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ARS Home » Plains Area » Fargo, North Dakota » Edward T. Schafer Agricultural Research Center » Cereal Crops Research » Research » Publications at this Location » Publication #364112

Research Project: Improvement of Biotic Stress Resistance in Durum and Hard Red Spring Wheat Using Genetics and Genomics

Location: Cereal Crops Research

Title: Comprehensive analysis of Q gene near isogenic lines reveals key molecular pathways for wheat domestication and improvement

item Zhang, Zengcui
item LI, AILI - Chinese Academy Of Agricultural Sciences
item SONG, GAOYUAN - Chinese Academy Of Agricultural Sciences
item GENG, SHUAIFENG - Chinese Academy Of Agricultural Sciences
item GILL, BIKRAM - Kansas State University
item Faris, Justin
item MAO, LONG - Chinese Academy Of Agricultural Sciences

Submitted to: Plant Journal
Publication Type: Peer Reviewed Journal
Publication Acceptance Date: 11/12/2019
Publication Date: 11/28/2019
Citation: Zhang, Z., Li, A., Song, G., Geng, S., Gill, B.S., Faris, J.D., Mao, L. 2019. Comprehensive analysis of Q gene near isogenic lines reveals key molecular pathways for wheat domestication and improvement. Plant Journal. 102:299-310.

Interpretive Summary: A mutation occurred naturally about 10,000 years ago in a single wheat gene known as the q gene. The mutated gene, referred to as Q, influenced many developmental traits associated with domestication, one of the more important being the free-threshing, or naked seed, character. Knowing the molecular and physiological mechanisms regulated by the Q gene to govern plant development and grain threshability may lead to novel methods for wheat improvement. Using molecular, microscopic, and genetic studies, researchers found that the Q gene is responsible for regulating the activity of several thousand other wheat genes, many of which are involved in the development and chemical composition of plant structures known as glumes, which function to retain the grains on the wheat plant. The mutation that formed Q caused the glumes to be thin and fragile, and to hold the grains loosely allowing them to be easily liberated from the hulls. The researchers also found that the Q gene led to increased plant fertility, thereby increasing grain yields. This research sheds light on the domestication process, the role of the Q gene in governing plant development and domestication traits, and the genes and genetic networks under the influence of the master regulatory gene Q. This knowledge will allow researchers to develop novel strategies to improve wheat varieties more efficiently.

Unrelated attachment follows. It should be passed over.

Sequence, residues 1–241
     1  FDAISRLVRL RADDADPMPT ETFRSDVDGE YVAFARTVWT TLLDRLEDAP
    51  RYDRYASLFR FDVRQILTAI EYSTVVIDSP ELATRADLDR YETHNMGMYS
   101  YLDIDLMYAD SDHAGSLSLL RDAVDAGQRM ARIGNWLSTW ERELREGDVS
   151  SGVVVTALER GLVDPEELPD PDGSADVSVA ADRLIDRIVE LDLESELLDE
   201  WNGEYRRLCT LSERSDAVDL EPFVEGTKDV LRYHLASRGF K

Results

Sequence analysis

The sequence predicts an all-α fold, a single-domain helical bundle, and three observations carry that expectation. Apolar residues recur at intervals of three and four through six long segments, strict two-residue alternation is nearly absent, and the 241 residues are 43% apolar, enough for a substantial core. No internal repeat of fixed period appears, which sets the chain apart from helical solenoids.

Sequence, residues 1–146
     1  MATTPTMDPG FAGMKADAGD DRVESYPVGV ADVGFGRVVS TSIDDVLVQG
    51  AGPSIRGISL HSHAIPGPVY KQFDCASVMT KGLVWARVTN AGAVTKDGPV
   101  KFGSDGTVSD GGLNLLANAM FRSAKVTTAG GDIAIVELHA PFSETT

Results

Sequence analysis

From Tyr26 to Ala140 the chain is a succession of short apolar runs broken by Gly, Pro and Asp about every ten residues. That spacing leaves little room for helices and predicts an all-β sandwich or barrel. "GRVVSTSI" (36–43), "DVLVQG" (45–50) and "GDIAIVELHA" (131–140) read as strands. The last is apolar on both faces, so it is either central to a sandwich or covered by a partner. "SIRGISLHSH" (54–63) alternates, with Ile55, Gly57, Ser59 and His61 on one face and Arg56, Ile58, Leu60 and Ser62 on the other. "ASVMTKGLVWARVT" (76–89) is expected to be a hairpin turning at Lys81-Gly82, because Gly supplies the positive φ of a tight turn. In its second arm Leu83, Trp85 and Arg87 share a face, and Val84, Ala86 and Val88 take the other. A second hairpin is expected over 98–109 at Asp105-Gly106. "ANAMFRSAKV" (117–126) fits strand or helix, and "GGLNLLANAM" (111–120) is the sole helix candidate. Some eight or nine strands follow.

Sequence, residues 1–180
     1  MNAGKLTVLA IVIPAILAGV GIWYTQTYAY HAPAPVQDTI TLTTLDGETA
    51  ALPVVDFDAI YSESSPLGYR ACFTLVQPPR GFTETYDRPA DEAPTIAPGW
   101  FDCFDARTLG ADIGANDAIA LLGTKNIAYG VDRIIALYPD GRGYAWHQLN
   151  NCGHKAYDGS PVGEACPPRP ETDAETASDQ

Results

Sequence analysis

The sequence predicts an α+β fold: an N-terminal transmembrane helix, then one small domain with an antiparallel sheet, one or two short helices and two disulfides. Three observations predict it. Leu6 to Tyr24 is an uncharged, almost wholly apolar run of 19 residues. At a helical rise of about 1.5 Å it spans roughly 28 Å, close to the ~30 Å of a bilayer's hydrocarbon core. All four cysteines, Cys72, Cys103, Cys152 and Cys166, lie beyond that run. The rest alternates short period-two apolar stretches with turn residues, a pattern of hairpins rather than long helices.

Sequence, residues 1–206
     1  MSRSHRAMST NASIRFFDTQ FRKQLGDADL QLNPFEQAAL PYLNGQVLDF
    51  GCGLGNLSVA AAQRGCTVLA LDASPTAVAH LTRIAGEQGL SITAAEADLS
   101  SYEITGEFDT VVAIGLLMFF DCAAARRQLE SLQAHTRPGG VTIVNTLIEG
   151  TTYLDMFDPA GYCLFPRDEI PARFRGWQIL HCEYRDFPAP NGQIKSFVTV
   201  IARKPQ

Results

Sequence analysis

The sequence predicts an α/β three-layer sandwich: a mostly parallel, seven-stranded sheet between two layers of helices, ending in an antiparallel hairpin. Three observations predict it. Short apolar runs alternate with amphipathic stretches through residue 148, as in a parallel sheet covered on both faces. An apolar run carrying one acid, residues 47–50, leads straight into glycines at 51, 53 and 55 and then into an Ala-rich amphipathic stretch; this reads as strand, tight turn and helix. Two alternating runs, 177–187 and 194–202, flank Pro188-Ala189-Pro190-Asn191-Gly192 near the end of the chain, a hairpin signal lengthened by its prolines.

Technical Abstract: A single point mutation in the microRNA172 binding site of the wheat AP2-like transcription factor gene known as Q played a major role in domestication by conferring the free-threshing character and pleiotropically affecting numerous other traits. However, little is known regarding the molecular mechanisms associated with the regulation of these traits by Q or the structural determinants of threshability. Here, transcriptome analysis of immature spike tissues in three lines nearly isogenic for Q revealed over 3,000 differentially expressed genes (DEGs) involved in a number of pathways. Phenotypic, microscopic, transcriptomic, and tissue-specific gene expression analyses together demonstrated that Q governs threshability through extensive modification of wheat glumes including their structure, cell wall thickness and chemical composition. The critical DEGs involved in secondary cell wall synthesis and regulation of the chemical composition of glumes were identified. In addition to threshability, we found that the mutation that gave rise to the Q allele also led to the up-regulation of genes for improved anther and pollen development and hence increased seed production potential. The knowledge of the genes and genetic pathways underpinning Q-related traits enhances our understanding of wheat domestication and wheat improvement.